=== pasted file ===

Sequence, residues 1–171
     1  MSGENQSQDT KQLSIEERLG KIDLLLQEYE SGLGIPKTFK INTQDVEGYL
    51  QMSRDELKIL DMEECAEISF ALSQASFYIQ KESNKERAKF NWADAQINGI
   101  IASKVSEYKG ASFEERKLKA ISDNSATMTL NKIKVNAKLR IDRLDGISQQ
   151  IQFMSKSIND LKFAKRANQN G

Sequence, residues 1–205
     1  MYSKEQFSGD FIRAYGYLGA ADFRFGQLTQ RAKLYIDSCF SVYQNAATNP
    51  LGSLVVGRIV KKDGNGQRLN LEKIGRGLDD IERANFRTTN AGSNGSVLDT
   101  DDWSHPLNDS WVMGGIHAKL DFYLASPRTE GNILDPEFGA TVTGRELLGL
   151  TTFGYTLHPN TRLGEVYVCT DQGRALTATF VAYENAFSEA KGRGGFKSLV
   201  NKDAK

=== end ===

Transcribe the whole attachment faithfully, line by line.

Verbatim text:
Sequence, residues 1–171
     1  MSGENQSQDT KQLSIEERLG KIDLLLQEYE SGLGIPKTFK INTQDVEGYL
    51  QMSRDELKIL DMEECAEISF ALSQASFYIQ KESNKERAKF NWADAQINGI
   101  IASKVSEYKG ASFEERKLKA ISDNSATMTL NKIKVNAKLR IDRLDGISQQ
   151  IQFMSKSIND LKFAKRANQN G

Sequence, residues 1–205
     1  MYSKEQFSGD FIRAYGYLGA ADFRFGQLTQ RAKLYIDSCF SVYQNAATNP
    51  LGSLVVGRIV KKDGNGQRLN LEKIGRGLDD IERANFRTTN AGSNGSVLDT
   101  DDWSHPLNDS WVMGGIHAKL DFYLASPRTE GNILDPEFGA TVTGRELLGL
   151  TTFGYTLHPN TRLGEVYVCT DQGRALTATF VAYENAFSEA KGRGGFKSLV
   201  NKDAK